Chef Robbie Felice To Host Acclaimed DC Chef At pastaRAMEN

by Peter Candia

A can’t-miss pop up is coming to Montclair. 

PastaRAMEN is already the hardest reservation to get and on March 4, it will be even more difficult to secure your spot. That’s because acclaimed Chef Robbie Felice—owner and visionary behind pastaRAMEN’s Wafu-Italian concept—is hosting fellow Wafu culinarian, Chef Katsuya Fukushima of Tonari in Washington DC. 

Like pastaRAMEN, Tonari is its respective city’s first and only Wafu-Italian restaurant, a Japanese-style Italian cuisine that first formed in the late 1940s and early 1950s when Japan was introduced to things like spaghetti and tomato sauce by American soldiers. Wafu-Italian cooking was essentially pioneered by a restaurant called Kabe no Ana, which opened in Tokyo in the early 1950s. Kabe no Ana rose to popularity because of their use of Japanese ingredients to make Italian dishes—a concept that, in turn, appealed to the masses. By the 90s, Wafu restaurants took off in Japan, but here in the states, the merged cuisine is not as easy to come by. 

Wafu Pizza, nori-laced pasta and more at Tonari | photo by Rey Lopez

Before joining Tonari, Fukushima worked in world-renowned kitchens such as Spain’s El Bulli and DC’s own Minibar by José Andrés. Additionally, Fukushima is a two-time winner of Food Network’s Iron Chef America.

For many in New Jersey, pastaRAMEN was the first glimpse into the world of Wafu cooking and in DC, Tonari the same. So, it makes perfect sense that Felice and Fukushima would team up for a one-night-only dinner together. Tonari’s owner Yama Jewayni ate at pastaRAMEN late last year and knew what had to be done.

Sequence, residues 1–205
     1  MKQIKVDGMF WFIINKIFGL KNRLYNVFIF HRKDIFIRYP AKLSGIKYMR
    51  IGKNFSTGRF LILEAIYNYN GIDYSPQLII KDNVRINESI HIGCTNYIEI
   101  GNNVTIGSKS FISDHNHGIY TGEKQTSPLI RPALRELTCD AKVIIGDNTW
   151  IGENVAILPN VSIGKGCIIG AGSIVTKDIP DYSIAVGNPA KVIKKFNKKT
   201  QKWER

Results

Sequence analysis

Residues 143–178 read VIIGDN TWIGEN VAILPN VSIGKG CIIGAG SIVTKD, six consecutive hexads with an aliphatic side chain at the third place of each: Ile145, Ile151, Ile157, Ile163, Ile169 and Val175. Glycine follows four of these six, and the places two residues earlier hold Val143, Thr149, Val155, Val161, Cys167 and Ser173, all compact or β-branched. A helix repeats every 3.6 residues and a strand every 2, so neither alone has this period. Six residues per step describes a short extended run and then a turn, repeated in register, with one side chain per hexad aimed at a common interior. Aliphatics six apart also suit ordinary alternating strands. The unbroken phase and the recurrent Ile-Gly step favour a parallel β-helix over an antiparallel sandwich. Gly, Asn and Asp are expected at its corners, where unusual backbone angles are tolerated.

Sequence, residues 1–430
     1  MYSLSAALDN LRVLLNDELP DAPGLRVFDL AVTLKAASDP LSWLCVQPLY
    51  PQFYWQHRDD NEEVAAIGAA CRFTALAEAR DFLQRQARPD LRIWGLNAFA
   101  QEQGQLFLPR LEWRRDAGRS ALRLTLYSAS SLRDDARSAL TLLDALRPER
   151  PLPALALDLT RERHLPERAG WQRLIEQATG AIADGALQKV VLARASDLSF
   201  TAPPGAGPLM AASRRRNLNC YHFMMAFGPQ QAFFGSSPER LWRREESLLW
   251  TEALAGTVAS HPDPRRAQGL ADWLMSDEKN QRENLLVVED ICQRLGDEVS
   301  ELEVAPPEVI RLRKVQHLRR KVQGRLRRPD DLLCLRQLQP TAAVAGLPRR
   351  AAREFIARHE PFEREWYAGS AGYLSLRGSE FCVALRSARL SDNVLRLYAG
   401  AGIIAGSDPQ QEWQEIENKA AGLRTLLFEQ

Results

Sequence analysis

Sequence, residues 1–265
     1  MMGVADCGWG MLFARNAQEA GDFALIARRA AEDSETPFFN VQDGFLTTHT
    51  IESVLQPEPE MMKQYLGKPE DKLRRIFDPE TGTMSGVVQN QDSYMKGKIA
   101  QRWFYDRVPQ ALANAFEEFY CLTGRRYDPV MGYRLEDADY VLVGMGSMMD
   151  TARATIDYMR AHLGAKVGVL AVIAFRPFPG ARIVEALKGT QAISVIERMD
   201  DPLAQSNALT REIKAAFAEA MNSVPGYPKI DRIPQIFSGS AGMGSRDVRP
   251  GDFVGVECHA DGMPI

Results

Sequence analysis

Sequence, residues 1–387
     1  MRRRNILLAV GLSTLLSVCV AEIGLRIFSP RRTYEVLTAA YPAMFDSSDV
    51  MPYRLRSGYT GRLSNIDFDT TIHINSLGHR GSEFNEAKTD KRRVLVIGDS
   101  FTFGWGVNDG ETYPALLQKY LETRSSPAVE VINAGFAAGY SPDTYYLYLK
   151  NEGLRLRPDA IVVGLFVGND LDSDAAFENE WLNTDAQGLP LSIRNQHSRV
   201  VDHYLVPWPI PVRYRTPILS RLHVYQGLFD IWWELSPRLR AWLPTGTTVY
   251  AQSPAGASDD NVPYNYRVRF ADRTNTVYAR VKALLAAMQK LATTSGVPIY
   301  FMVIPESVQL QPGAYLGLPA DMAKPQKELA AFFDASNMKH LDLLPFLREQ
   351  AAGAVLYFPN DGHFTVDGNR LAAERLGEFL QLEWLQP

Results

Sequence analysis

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A post shared by Chef Robbie Felice (@robbiefelice)

On March 4, Fukushima will make his way to Montclair to collab with Felice for an exclusive dinner. The meal will have two seating times at 5:30 and 8:30 p.m. The dinner features four courses and is BYO. On April 8, Felice heads down to DC to cook at Tonari alongside Fukushima. 

“Collab dinners are so cliché these days but there is no one else doing Wafu-Italian food and these guys have been around and doing it since we started this project!” Felice tells me. “It’s going to be really epic to have them here in Montclair cooking with us. I’m really excited to cook with Chef Katsuya!”

pasta ramen

Diners can’t get enough of pastaRAMEN’s innovative Wafu bites | photo by Pete Bonacci

Chef Fukushima expressed a similar sentiment to that of Felice, excited to spread the word about Wafu-Italian cooking. “We love telling the story of Wafu-Italian cuisine through our restaurant Tonari, and when we had the chance to collaborate with pastaRAMEN, we couldn’t wait to cook together and continue to spread the message of Japanese-Italian food,” he says. 

Wafu cooking is undoubtedly a niche cuisine in the US, but thanks to chefs like Katsuya Fukushima and Robbie Felice, the message has begun to spread on the East Coast. Diners love it for its seamless combination of two of the most celebrated cuisines in the world. Whether it be pastaRAMEN’s chashu porchetta bao buns or Tonari’s arrabbiata ramen, Wafu cuisine has made its debut in DC and Montclair—and it’s here to stay. 

For updates on ticket availability and more, follow @pasta__ramen, @tonaridc and @njdigest on Instagram. 

About the Author/s

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Peter Candia is the Food + Drink Editor at New Jersey Digest. A graduate of The Culinary Institute of America, Peter found a passion for writing midway through school and never looked back. He is a former line cook, server and bartender at top-rated restaurants in the tri-state area. In addition to food, Peter enjoys politics, music, sports and anything New Jersey.

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